Hopkins Study Shows Risks of Offshore Helicopters

From 1983 to 2009, 178 crashes in the Gulf of Mexico alone involved 139 deaths. Mechanical failures caused 68 of them (38 percent), more than twice as many as bad weather.

Flying crews to and from drilling and exploration platforms in the Gulf of Mexico is a risky proposition, according to a new study published by researchers at the Johns Hopkins Center for Injury Research and Policy. They identified 178 crashes involving 139 deaths from helicopter crashes between 1983 and 2009, or more than six crashes and five deaths per year.

The leading cause of these crashes was mechanical failure (68 crashes, 38 percent of the total), followed by bad weather (16 percent). They published the study in the September 2011 issue of Aviation, Space and Environmental Medicine.

Researchers from the center, which is part of the Johns Hopkins Bloomberg School of Public Health, examined fatal and non-fatal crash records of the National Transportation Safety Board from the period. They found the most common result of mechanical failure in both types of crashes was a loss of engine power, which occurred in almost one-third of fatal crashes. The majority of forced landings following mechanical failure occurred in water, with 20 percent resulting in the sinking of the helicopter even though most helicopters are equipped with pilot-activated flotation devices, the researchers reported.

Bad weather was the second most common principal cause of crashes and resulted in the largest number of deaths. Pilot error was a major contributor to 83 crashes (47 percent), with poor decision-making the leading type of error cited.

"This study raises concern about the safety of helicopter flights related to oil and gas operations in the Gulf of Mexico, particularly during bad weather," said Susan P. Baker, MPH, professor with the Johns Hopkins Center for Injury Research and Policy and the paper's lead author. "Our findings suggest that efforts to reduce crashes and deaths must address mechanical failure, non-activation of flotation devices, and pilot error."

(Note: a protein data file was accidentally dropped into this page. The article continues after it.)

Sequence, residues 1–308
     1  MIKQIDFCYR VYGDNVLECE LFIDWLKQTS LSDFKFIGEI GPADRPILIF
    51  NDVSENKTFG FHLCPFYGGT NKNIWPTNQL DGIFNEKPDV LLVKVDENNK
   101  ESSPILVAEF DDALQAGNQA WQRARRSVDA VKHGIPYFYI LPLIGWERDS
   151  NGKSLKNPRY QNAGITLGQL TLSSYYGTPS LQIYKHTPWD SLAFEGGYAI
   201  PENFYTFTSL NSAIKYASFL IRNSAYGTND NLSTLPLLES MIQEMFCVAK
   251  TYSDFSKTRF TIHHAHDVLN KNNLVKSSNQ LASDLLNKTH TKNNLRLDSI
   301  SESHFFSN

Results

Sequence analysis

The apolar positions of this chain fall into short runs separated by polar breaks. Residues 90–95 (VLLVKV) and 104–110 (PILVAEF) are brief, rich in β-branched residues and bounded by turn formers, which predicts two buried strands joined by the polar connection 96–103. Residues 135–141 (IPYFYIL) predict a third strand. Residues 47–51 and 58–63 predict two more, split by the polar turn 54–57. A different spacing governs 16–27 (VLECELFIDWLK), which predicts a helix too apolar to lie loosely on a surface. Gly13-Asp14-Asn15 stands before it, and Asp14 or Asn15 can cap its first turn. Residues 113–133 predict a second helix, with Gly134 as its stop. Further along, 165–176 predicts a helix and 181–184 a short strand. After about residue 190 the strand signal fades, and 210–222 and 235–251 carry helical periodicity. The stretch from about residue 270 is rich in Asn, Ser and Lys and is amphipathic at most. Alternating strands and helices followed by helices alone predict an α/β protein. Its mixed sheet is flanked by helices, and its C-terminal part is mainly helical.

Baker, a licensed private pilot, received the Aerospace Medical Association's Harry G. Moseley Award in 2010 for her work in applying the public health model to aviation safety.

The study found crashes have increased recently, from 5.6 annually during 1983-1999 to 8.2 annually during 2000-2009. After 2007, however, the researchers measured a decrease in crashes. "While the apparent deterioration in safety over time is alarming, I am encouraged by the most recent data," Baker said. "Only time will tell whether this is a temporary statistical blip or the beginning of a positive trend."

The work was funded by the National Institutes of Health and by grant funding from CDC. Additional authors of "Helicopter Crashes Related to Oil and Gas Operations in the Gulf of Mexico" are Dennis F. Shanahan (associate faculty at the center), Wren Haaland (consultant to the center), Joanne Brady (Columbia University), and Guohua Li (Columbia University).

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